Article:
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Justice Dept. seeking info on Planned Parenthood's fetal tissue practices

Participants in the International Gift of Life Walk, a pro-Life, anti-abortion event in New York, New York.
Participants in the International Gift of Life Walk, a pro-Life, anti-abortion event in New York, New York. Photo: Rainmaker Photo/MediaPunch/IPX

The Department of Justice has asked the Senate Judiciary Committee for materials concerning research into fetal tissue, in an indication the department is moving to investigate Planned Parenthood, according to the Daily Beast. Republicans on the Judiciary Committee released a report in 2016 about Planned Parenthood's contracts with biomedical research corporations, and questioned if the corporations "profited from their disbursement of fetal tissue."

Why it matters: Pro-life activists have long pushed for an investigation into Planned Parenthood. Planned Parenthood said in a statement, "These accusations are baseless, and a part of a widely discredited attempt to end access to reproductive health care at Planned Parenthood. Planned Parenthood has never, and would never, profit while facilitating its patients' choice to donate fetal tissue for use in important medical research."

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Trump: Transgender people "disqualified" from the military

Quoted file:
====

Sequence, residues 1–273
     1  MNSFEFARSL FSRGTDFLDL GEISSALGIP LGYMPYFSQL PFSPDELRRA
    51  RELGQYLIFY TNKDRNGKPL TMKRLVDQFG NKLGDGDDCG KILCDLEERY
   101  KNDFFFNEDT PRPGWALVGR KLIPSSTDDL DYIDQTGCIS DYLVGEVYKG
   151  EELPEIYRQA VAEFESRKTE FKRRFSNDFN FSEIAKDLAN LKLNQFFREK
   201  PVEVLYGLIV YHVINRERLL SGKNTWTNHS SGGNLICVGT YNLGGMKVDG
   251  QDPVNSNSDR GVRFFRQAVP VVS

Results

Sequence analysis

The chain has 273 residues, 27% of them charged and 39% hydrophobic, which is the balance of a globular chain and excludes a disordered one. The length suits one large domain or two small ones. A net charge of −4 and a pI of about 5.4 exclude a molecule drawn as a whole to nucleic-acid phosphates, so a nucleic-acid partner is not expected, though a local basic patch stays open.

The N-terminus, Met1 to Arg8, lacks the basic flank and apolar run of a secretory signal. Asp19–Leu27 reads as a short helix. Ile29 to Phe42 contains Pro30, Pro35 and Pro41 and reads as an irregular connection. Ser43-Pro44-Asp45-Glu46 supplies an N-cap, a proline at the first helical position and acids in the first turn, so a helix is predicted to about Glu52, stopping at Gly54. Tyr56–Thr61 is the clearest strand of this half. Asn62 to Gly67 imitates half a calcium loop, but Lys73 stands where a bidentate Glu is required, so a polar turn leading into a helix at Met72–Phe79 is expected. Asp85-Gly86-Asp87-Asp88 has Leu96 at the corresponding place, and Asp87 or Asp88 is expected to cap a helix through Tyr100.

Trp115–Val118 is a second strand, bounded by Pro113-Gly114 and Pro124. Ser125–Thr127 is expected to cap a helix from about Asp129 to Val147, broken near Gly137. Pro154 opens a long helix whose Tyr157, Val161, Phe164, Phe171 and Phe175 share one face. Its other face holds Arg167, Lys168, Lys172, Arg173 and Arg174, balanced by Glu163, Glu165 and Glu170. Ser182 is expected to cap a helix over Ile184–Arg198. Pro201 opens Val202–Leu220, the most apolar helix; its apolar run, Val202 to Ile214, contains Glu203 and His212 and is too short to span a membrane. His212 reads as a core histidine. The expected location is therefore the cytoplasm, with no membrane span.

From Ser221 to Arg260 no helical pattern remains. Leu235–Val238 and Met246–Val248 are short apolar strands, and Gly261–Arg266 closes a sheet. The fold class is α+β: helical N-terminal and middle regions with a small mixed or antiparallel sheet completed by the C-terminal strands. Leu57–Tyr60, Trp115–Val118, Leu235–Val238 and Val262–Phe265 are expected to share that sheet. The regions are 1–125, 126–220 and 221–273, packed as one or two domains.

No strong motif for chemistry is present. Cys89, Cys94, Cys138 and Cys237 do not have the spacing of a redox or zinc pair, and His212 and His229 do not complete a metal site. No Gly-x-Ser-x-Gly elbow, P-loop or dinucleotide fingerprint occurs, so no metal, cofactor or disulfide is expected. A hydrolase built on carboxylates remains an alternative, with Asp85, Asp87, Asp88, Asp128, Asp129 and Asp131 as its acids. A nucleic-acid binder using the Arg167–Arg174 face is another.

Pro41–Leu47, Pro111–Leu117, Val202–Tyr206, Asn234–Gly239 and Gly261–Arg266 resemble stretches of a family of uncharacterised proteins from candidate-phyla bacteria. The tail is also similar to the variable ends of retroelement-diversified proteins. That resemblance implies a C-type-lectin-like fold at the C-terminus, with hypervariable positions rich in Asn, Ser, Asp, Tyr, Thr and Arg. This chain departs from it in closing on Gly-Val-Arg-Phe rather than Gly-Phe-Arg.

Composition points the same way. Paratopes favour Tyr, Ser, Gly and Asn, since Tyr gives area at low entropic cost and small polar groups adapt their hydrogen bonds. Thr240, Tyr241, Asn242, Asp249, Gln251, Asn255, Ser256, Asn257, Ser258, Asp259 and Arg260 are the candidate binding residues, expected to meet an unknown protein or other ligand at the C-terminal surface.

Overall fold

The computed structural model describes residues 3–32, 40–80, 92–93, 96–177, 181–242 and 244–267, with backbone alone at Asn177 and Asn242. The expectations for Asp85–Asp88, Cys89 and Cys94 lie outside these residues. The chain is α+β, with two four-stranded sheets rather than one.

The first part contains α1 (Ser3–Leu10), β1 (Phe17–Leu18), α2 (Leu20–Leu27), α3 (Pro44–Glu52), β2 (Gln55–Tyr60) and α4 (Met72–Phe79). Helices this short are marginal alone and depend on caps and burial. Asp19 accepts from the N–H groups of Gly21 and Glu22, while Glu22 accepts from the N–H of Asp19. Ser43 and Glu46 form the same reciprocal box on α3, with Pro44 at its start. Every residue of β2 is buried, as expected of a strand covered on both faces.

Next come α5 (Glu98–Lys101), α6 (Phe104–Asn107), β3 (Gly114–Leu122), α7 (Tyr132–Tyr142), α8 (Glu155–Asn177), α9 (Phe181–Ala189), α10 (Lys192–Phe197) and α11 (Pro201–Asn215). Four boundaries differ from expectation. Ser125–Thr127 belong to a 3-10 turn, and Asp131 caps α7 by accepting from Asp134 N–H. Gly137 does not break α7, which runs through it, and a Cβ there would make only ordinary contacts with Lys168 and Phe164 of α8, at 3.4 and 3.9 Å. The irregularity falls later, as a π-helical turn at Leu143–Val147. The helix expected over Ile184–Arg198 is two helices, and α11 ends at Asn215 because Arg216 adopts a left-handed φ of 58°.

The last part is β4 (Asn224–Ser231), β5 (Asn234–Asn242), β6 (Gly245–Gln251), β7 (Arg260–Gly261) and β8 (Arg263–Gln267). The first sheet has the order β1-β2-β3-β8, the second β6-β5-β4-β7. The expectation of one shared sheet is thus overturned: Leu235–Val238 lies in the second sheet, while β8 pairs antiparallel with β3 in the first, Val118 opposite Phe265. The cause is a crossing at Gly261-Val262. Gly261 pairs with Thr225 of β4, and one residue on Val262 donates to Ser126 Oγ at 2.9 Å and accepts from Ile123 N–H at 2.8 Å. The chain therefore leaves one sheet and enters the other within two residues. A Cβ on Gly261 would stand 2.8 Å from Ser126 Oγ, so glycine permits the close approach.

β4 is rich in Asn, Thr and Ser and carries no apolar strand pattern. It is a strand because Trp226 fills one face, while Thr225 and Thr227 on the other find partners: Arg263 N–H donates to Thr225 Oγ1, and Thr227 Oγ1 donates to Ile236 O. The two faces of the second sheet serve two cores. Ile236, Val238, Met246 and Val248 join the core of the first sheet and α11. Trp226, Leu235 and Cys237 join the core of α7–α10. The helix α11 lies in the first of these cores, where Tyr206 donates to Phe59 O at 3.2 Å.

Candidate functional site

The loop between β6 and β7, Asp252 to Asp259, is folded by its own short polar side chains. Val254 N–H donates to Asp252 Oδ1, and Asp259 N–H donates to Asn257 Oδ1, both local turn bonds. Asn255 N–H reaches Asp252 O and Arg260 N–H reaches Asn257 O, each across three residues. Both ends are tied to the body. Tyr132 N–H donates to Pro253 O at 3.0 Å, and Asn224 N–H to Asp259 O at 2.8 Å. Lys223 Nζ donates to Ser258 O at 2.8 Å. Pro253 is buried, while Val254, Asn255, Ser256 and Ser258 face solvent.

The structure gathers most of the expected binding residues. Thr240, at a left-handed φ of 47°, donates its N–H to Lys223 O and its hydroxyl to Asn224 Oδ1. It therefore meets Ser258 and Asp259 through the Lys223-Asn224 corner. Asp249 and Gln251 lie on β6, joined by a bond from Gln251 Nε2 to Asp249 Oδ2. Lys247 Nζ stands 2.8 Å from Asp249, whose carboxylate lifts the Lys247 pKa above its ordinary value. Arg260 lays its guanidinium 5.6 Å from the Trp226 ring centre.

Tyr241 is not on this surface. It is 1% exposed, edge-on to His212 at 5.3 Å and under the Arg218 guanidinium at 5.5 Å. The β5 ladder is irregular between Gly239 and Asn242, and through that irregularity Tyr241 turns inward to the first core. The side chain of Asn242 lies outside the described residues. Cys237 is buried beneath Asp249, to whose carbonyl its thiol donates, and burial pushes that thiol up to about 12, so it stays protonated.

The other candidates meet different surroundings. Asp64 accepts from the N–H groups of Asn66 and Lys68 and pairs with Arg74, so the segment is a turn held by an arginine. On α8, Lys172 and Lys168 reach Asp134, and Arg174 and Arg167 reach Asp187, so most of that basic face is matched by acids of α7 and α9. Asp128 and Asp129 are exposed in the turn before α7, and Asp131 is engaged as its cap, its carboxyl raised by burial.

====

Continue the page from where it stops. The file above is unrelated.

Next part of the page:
SecDef Jim Mattis and Gen. Joseph Dunford.
Secretary of Defense Jim Mattis and Gen. Joseph Dunford. Photo: Andrew Harrer-Pool / Getty Images

President Trump late Friday issued an order disqualifying most transgender people from serving in the military.

"[T]ransgender persons with a history or diagnosis of gender dysphoria -- individuals who the policies state may require substantial medical treatment, including medications and surgery -- are disqualified from military service except under certain limited circumstances."

Why it matters: Anything short of an inclusive policy for transgender troops will be viewed as a continuation of the ban Trump announced on Twitter in August.

Haley Britzky 3 hours ago
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Both Bush and Obama also requested line item veto power

Donald Trump.
Photo: Mark Wilson / Getty Images

President Trump tweeted on Friday evening that to avoid having "this omnibus situation from ever happening again," he wants Congress to re-instate "a line-item veto."

Why it matters: This would allow him to veto specific parts of a bill without getting rid of the entire thing. Trump was deeply unhappy with the $1.3 trillion spending bill approved by Congress early Friday morning, but signed it anyway on Friday afternoon.